Bloomberg Businessweek sat down a couple months ago with five security experts including Robert Rodriguez, chairman of the Security Innovation Network and senior adviser to the Chertoff Group. The five were asked questions like "Is it important to determine who’s responsible for security? Is it the seller of the computer, the way that a seller of an automobile is responsible for a level of safety? What’s the alternative?"
An answer from Rodriguez, which built on an answer from Brvenik, recently was brought to my attention.
[SourceFire VP] Brvenik: We can make it harder, we can make it more expensive for the adversary, but they still have entry points. In order to truly solve this problem, we have to educate everybody from the start. Elementary schools should be teaching children before they’re ever online about the risks of it, and safe behaviors and how to identify bad things.
Rodriguez: I totally agree with you. Education, increasing awareness, and starting with a national ad campaign, almost like Nancy Reagan did with “Just Say No to Drugs.” It sounded silly to people in the beginning, but it was highly impactful.
While I am all for user education, I can hardly believe someone would cite Nancy Reagan's program as "highly impactful." I assume he means that in a positive way. I've always considered Reagan's slogan a complete and abject failure due to the emphasis on an inflexible and unthinking response to a complex problem. We might as well tell people to just say no to anything "cyber" because it can cause harm.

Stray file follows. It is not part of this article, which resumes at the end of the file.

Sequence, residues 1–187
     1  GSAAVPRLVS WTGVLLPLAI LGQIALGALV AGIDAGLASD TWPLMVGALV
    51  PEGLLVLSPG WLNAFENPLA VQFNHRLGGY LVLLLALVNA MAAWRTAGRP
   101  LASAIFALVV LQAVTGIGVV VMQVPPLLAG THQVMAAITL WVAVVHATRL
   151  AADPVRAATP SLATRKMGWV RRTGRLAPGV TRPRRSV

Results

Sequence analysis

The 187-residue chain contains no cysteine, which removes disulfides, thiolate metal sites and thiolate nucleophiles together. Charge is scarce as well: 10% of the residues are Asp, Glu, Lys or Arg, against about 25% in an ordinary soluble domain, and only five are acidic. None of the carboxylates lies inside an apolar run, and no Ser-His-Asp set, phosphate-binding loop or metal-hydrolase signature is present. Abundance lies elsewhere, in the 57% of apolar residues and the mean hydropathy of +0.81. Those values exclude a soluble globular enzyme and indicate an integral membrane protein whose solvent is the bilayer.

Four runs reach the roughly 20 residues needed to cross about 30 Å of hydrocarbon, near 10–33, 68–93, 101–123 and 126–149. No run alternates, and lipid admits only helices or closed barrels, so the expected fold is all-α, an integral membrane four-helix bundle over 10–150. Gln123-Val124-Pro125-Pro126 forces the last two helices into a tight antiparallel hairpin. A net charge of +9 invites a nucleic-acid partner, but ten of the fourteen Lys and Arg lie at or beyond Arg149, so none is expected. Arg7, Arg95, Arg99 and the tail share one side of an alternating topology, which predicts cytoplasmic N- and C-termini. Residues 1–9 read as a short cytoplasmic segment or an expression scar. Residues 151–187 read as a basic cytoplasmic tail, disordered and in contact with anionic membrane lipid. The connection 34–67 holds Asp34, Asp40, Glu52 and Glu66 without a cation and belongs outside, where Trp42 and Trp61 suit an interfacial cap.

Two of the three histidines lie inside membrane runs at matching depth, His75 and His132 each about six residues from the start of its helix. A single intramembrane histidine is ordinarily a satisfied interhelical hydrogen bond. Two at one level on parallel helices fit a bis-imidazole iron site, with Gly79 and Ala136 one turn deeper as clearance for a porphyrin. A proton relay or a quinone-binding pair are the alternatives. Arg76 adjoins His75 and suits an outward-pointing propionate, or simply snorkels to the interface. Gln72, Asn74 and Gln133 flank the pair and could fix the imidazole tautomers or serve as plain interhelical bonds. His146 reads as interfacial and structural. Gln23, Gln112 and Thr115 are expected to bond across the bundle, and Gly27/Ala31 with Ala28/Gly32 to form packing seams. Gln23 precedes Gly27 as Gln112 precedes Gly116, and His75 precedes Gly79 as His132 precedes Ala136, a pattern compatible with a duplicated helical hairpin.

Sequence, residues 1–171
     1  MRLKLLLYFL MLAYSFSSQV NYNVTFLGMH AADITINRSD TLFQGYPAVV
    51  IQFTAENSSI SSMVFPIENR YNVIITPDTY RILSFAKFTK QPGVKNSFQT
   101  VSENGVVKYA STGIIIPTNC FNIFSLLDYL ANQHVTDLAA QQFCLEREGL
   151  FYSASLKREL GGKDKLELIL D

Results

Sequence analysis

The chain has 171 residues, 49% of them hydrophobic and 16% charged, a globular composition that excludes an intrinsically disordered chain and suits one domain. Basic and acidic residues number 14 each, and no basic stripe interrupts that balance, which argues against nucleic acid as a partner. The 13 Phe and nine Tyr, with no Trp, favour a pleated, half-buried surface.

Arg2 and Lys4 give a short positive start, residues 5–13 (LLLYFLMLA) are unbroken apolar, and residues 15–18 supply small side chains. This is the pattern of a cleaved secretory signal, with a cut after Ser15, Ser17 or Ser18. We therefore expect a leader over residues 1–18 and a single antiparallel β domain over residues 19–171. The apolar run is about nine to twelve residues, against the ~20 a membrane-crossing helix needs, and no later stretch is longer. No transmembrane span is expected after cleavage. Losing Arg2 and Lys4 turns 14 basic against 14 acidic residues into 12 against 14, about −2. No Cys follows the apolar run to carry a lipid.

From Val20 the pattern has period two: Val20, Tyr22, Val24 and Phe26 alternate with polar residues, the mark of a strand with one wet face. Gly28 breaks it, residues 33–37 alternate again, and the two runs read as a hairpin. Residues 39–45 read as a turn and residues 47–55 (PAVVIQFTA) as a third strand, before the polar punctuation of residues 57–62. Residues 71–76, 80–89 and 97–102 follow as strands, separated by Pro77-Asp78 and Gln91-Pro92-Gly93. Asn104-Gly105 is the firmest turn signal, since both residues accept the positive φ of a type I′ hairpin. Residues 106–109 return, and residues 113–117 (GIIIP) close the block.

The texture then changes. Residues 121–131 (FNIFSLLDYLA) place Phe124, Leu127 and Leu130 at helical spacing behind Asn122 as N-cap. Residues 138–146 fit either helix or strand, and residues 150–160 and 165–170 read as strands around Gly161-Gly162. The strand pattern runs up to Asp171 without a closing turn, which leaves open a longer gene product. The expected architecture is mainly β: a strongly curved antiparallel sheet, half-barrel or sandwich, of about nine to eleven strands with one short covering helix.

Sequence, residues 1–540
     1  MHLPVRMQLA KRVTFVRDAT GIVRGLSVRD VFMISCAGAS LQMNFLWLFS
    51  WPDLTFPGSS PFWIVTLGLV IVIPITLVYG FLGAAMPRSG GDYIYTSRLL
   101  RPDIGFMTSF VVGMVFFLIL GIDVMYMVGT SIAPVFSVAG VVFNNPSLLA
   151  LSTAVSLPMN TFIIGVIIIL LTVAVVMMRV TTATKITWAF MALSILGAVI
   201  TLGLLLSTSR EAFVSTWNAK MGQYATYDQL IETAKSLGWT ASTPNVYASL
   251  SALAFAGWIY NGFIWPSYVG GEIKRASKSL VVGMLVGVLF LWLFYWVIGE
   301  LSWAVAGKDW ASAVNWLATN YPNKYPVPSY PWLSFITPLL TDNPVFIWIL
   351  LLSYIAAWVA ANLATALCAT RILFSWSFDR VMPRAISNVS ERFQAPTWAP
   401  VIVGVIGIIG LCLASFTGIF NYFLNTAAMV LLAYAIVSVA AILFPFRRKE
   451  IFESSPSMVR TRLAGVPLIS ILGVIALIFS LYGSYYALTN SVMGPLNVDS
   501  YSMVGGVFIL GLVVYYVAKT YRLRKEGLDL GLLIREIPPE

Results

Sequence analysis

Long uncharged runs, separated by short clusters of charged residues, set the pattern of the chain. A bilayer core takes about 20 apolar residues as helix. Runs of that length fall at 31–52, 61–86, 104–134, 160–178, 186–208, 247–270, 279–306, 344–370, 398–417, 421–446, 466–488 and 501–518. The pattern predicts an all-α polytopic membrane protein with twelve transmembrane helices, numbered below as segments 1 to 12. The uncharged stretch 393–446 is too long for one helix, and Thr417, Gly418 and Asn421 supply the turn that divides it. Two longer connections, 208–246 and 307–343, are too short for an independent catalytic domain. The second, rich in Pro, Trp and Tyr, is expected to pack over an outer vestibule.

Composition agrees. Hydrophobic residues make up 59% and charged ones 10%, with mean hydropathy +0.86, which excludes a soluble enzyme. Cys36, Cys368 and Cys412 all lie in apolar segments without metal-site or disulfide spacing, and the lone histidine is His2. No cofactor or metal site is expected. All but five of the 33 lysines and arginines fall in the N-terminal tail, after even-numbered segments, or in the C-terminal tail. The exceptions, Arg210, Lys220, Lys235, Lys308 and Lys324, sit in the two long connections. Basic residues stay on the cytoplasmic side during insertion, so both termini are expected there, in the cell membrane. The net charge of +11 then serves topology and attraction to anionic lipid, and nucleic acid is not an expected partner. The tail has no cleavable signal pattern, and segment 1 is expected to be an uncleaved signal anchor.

Perhaps Michael Hecht, a Penn State professor of crime, law, and justice, put it best:
Critiqued by some for reducing a complex issue to a catch phrase, Reagan's campaign is generally considered to have been unsuccessful, and the phrase "just say no" has become a pop-culture joke.
Hecht makes an interesting point about the slogans that work best and why:
…it is clear from a large body of research that students are more receptive when their peers are involved with delivering the message.
The nuance on these political issues is probably important. While I am for user education I am against a "Just Say No" program. Here's another example: while I am for passenger screening I am against the Chertoff Group lobbying to sell their millimeter wave scanner into airports. I guess I would have given Bloomberg's question a different response. I would agree with Brvenik and Rodriguez on user education but also would have disagreed with them. I would have emphasized don't blame the victim (different from Brvenik), don't be top-down and inflexible in reasoning (different from Rodriguez) and I would have said a reasonable level of liability should be put on manufacturers (more direct answer to the question).